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Hum Mol Genet. 2019 Jun 15;28(12):2062-2077. doi: 10.1093/hmg/ddz054.

Defining the genetic control of human blood plasma N-glycome using genome-wide association study.

Author information

1
Institute of Cytology and Genetics SB RAS, Prospekt Lavrentyeva 10, Novosibirsk, Russia.
2
Novosibirsk State University, 1, Pirogova str., Novosibirsk, Russia.
3
MRC Human Genetics Unit, Institute of Genetics and Molecular Medicine, University of Edinburgh, Crewe Road South, Edinburgh, UK.
4
Genos Glycoscience Research Laboratory, Borongajska cesta 83h, Zagreb, Croatia.
5
Department of Twin Research and Genetic Epidemiology, School of Life Course Sciences, King's College London, St Thomas' Campus, London, UK.
6
NIHR Biomedical Research Centre at Guy's and St Thomas' Foundation Trust, London, UK.
7
Department of Physiology and Biophysics, Weill Cornell Medicine-Qatar, Education City, Doha, Qatar.
8
Faculty of Pharmacy and Biochemistry, University of Zagreb, Ante Kovacica 1, Zagreb, Croatia.
9
Department of Medicine and Surgery, University of Parma, Via Gramsci 14, Parma, Italy.
10
Unit of Animal Genomics, WELBIO, GIGA-R and Faculty of Veterinary Medicine, University of Liège, Liège, Belgium.
11
Centre for Global Health Research, Usher Institute of Population Health Sciences and Informatics, The University of Edinburgh, Edinburgh, UK.
12
Colon Cancer Genetics Group, MRC Human Genetics Unit, MRC Institute of Genetics & Molecular Medicine, Western General Hospital, The University of Edinburgh, Edinburgh, UK.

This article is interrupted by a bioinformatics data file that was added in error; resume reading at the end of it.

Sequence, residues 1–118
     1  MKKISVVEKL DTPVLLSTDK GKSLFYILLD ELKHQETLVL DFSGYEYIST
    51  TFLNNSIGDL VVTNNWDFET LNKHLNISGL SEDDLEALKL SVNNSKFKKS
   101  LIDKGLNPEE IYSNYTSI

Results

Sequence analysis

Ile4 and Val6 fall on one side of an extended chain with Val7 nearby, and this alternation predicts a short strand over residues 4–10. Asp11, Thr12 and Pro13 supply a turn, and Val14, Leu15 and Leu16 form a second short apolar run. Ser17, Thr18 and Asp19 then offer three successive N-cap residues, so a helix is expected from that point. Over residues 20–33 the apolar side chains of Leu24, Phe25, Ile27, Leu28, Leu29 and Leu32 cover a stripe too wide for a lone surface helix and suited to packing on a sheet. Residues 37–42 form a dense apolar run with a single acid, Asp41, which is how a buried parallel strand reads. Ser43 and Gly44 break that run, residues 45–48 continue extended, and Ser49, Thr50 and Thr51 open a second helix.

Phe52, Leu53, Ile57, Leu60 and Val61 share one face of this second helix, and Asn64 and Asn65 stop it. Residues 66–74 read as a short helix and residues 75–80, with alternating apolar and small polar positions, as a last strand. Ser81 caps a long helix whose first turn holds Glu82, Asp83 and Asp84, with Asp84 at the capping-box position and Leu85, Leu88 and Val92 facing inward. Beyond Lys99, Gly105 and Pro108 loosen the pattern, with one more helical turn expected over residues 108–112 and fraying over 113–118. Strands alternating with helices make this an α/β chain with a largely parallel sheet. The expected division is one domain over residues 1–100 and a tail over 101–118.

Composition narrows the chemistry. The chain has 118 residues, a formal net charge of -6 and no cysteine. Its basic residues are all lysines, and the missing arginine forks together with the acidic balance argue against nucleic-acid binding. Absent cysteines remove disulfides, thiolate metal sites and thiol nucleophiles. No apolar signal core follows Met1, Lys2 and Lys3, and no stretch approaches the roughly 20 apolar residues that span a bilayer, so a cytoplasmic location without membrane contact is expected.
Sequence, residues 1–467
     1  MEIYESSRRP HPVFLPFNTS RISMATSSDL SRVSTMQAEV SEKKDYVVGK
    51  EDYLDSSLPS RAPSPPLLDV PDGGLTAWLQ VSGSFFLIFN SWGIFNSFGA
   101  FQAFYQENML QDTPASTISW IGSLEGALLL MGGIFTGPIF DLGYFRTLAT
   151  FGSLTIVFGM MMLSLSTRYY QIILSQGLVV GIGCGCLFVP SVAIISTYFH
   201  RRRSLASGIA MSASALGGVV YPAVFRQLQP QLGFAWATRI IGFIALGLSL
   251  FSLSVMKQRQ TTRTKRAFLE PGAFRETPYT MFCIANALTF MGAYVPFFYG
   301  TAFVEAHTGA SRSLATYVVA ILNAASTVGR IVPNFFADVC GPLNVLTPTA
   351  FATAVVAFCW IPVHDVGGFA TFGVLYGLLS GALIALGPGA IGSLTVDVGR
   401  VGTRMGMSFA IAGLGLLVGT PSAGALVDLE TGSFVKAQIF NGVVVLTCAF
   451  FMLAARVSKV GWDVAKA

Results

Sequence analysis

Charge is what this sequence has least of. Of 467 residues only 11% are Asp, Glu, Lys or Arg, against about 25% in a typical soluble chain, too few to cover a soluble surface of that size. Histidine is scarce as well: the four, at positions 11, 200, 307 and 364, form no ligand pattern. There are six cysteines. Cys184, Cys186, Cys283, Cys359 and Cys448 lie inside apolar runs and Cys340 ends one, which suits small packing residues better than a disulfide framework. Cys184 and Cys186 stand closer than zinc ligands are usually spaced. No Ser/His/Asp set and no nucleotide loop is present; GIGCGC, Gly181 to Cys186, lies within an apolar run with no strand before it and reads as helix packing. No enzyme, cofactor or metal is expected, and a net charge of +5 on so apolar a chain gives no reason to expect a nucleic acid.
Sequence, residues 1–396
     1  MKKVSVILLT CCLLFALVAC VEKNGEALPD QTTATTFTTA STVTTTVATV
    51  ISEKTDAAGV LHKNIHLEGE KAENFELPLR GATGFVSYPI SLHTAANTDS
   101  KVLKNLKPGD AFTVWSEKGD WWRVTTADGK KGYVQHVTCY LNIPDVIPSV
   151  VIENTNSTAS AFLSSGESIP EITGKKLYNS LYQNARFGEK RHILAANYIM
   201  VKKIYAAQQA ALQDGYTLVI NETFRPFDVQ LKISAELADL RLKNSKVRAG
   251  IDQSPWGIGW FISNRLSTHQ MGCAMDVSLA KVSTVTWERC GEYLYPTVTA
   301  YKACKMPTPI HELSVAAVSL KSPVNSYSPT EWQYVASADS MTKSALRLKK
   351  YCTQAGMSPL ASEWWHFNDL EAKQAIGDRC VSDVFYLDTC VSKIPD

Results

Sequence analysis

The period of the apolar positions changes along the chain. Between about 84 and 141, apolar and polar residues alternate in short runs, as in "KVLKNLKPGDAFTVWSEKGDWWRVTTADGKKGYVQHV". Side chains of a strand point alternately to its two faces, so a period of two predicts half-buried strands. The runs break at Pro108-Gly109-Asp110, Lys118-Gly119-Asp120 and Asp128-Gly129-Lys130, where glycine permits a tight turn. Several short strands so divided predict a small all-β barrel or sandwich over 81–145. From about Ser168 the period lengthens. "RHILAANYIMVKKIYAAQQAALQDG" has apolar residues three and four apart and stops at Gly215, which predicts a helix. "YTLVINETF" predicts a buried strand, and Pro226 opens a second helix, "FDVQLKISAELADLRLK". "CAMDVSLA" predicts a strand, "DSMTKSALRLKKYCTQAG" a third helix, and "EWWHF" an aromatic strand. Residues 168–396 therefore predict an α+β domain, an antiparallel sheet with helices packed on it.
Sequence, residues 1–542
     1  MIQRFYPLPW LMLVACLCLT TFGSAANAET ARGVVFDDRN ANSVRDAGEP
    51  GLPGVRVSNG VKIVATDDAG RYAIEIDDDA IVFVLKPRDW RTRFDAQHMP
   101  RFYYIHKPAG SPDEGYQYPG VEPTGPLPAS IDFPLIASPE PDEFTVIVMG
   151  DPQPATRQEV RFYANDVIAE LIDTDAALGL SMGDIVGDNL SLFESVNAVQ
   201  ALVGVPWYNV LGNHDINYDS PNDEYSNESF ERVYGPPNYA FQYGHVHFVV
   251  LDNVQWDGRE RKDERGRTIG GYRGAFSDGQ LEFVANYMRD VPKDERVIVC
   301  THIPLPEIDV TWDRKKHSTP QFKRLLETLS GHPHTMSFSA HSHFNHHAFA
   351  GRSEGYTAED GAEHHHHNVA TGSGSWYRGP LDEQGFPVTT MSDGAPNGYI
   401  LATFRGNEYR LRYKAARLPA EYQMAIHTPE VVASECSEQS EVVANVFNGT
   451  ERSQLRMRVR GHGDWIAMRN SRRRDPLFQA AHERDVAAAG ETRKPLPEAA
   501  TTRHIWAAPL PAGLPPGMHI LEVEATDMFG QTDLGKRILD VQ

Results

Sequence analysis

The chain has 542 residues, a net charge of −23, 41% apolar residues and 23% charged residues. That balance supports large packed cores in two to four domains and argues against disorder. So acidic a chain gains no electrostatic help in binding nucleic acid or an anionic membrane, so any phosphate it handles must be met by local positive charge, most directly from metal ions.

13
Institute of Technology Sligo, Department of Life Sciences, Sligo, Ireland.
14
National Institute for Bioprocessing Research & Training, Dublin, Ireland.
15
Institute of Epidemiology II, Research Unit of Molecular Epidemiology, Helmholtz Centre Munich, German Research Center for Environmental Health, Ingolstädter Landstr. 1, Neuherberg, Germany.
16
Pain Therapy Department, Policlinico Monza Hospital, Monza, Italy.
17
CHU-Liège and Unit of Gastroenterology, GIGA-R and Faculty of Medicine, University of Liège, 1 Avenue de l'Hôpital, Liège, Belgium.
18
PolyOmica, Het Vlaggeschip 61, PA 's-Hertogenbosch, The Netherlands.

Abstract

Glycosylation is a common post-translational modification of proteins. Glycosylation is associated with a number of human diseases. Defining genetic factors altering glycosylation may provide a basis for novel approaches to diagnostic and pharmaceutical applications. Here we report a genome-wide association study of the human blood plasma N-glycome composition in up to 3811 people measured by Ultra Performance Liquid Chromatography (UPLC) technology. Starting with the 36 original traits measured by UPLC, we computed an additional 77 derived traits leading to a total of 113 glycan traits. We studied associations between these traits and genetic polymorphisms located on human autosomes. We discovered and replicated 12 loci. This allowed us to demonstrate an overlap in genetic control between total plasma protein and IgG glycosylation. The majority of revealed loci contained genes that encode enzymes directly involved in glycosylation (FUT3/FUT6, FUT8, B3GAT1, ST6GAL1, B4GALT1, ST3GAL4, MGAT3 and MGAT5) and a known regulator of plasma protein fucosylation (HNF1A). However, we also found loci that could possibly reflect other more complex aspects of glycosylation process. Functional genomic annotation suggested the role of several genes including DERL3, CHCHD10, TMEM121, IGH and IKZF1. The hypotheses we generated may serve as a starting point for further functional studies in this research area.

PMID:
31163085
PMCID:
PMC6664388
[Available on 2020-06-15]
DOI:
10.1093/hmg/ddz054
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